Yeah, but freezing your eggs doesn't freeze the rest of your aging. As somebody with 3 kids, I'm glad that I had kids young, because I would not have the energy to deal with kids when I was 50 or 60. There's people who are having babies when they are 45. I would not want a teenager in the house when I'm 60. I guess everybody is entitled to their own way of doing things, but it takes a lot of energy to raise kids. Also, I'd like to point out that kids cost exactly as much to raise as you want them to. Sure you could buy $200 shoes for your kid, but they definitely don't need any of that stuff. My kids get plenty of enjoyment from going out for a walk in the woods, which is free, and don't need to go to amusement parks all the time to be entertained.

Comment: Re:Expensive Middle Class Sport Losing Patrons (Score 1) 403

by CastrTroy (#46804905) Attached to: In a Hole, Golf Courses Experiment With 15-inch Holes
Cycling "can be" more expensive than golf, but it doesn't have to be. A $1000 bike will do fine for anybody who isn't riding competitively. You can spend less and get a better bike if you buy used. And after you've bought the equipment, it's free. There is no cost to go out for a ride, and you don't even have to schedule it. You can go out on your own time for an hour or two. Leave from your house, and end up at your house. Contrast that with golfing where you either have to buy a membership every year, or pay every time you want to play. And you have to find a few people to play with, and work in in around everyone's schedule. Sure there are those people who pay way too much for a bike, and show up for group rides, and can be a little dangerous, but if you find the right group, it's pretty easy to avoid people like this.

Comment: Re:...news for nerds.. (Score 3, Interesting) 403

by CastrTroy (#46804801) Attached to: In a Hole, Golf Courses Experiment With 15-inch Holes
I don't know about calling it a sport still. For me, it falls into the same categorization as bowling, darts, and billiards. That isn't to say that golf, along with those other sports don't require a huge amount of skill, but I would hesitate to lump them into the same category as soccer, basketball, hockey, cycling, running, and other more physically exerting sports. This same kind of thing comes up when equating Starcraft with real sports, calling it an e-sport. Sure there are certain physical characteristics one must possess, but that doesn't mean it should be lumped into the same category.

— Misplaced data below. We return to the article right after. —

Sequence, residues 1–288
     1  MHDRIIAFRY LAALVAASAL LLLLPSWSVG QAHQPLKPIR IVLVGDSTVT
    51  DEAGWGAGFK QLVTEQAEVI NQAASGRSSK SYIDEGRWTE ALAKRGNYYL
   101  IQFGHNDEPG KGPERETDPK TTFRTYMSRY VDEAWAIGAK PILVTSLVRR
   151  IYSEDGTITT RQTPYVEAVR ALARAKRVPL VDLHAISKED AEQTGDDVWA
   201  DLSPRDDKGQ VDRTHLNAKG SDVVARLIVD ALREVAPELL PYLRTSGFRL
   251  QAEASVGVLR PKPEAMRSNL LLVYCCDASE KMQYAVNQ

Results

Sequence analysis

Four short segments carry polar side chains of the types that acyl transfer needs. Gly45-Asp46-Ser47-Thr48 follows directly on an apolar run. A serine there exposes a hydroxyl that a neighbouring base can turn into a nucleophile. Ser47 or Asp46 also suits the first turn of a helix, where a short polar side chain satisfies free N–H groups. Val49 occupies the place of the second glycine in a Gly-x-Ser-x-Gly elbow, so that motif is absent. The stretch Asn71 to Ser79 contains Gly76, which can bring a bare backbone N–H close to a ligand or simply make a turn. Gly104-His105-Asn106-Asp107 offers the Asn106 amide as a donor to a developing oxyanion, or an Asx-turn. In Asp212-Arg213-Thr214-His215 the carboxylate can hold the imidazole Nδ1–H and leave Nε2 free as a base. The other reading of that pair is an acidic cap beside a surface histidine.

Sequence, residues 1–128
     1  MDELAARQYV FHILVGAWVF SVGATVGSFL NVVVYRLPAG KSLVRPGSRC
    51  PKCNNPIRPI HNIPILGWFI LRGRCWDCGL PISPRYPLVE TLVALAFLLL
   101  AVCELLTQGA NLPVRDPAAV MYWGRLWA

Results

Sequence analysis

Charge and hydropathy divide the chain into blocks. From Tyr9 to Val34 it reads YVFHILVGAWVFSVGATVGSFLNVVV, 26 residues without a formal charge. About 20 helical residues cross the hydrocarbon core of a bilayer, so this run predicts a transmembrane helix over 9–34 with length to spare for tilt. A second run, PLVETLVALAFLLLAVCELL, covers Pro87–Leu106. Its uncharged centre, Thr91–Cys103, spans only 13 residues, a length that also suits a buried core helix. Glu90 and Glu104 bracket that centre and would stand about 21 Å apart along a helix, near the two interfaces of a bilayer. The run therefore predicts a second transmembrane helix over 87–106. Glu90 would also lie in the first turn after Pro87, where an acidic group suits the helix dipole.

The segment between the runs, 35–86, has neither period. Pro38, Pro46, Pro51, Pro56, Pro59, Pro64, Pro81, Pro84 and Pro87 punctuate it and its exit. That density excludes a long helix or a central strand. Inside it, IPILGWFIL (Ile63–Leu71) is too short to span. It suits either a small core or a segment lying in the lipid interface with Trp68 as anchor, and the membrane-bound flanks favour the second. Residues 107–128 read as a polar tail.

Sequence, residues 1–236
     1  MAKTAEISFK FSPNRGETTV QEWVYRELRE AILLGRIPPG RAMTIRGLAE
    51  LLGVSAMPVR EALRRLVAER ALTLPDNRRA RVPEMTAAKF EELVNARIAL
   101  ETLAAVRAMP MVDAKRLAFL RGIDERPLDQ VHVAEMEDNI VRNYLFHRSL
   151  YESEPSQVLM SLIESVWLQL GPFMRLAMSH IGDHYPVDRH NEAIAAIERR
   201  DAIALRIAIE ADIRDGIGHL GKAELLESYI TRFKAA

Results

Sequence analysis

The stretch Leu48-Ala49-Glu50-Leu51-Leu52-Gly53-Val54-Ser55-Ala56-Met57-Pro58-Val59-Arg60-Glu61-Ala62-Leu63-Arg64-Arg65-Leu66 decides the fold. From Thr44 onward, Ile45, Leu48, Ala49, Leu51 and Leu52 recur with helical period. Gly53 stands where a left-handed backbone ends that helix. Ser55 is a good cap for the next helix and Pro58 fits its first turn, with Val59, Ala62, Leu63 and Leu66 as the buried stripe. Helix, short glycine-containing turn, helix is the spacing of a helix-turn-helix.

Also, in the PGA, they are not allowed golf carts. There was, as far as I'm aware, only a single golfer allowed to use a golf cart, because he had a physical disability. So, although golf carts may be used by amateurs and weekend warriors, that doesn't really mean it's part of the game. Just as there are oversized clubs that once can use that aren't tournament legal. If players want to make up their own rules amongst themselves, nobody is going to stop them. In recreational golf, it's not uncommon for players to take a mulligan, or stop counting when they get more than a double bogey.

If anything people aren't leaving because the game is too hard, but because the game is just too expensive. People have found other things to spend their money on. I've heard that cycling is turning into the new golf. Sure you can spend tons of money on the equipment, just like golf, but it's free once you own the equipment. People see very little value in paying for country club memberships as many of the people who now have money are don't care about the whole socialization aspect of it.

Comment: Re:A "millionaire" isn't what it used to be. (Score 1) 466

by CastrTroy (#46772875) Attached to: Survey: 56 Percent of US Developers Expect To Become Millionaires
Exactly. I know people who rent in the same neighbourhood I live in, in exactly the same model of house. Their rent is actually higher than my mortgage payments. The only difference is that I had to save up for a down payment. Not only that, but rent payments keep increasing, while mortgage payments (assuming constant interest rate) actually stay the same, so they go down relative to inflation.

Man is the best computer we can put aboard a spacecraft ... and the only one that can be mass produced with unskilled labor. -- Wernher von Braun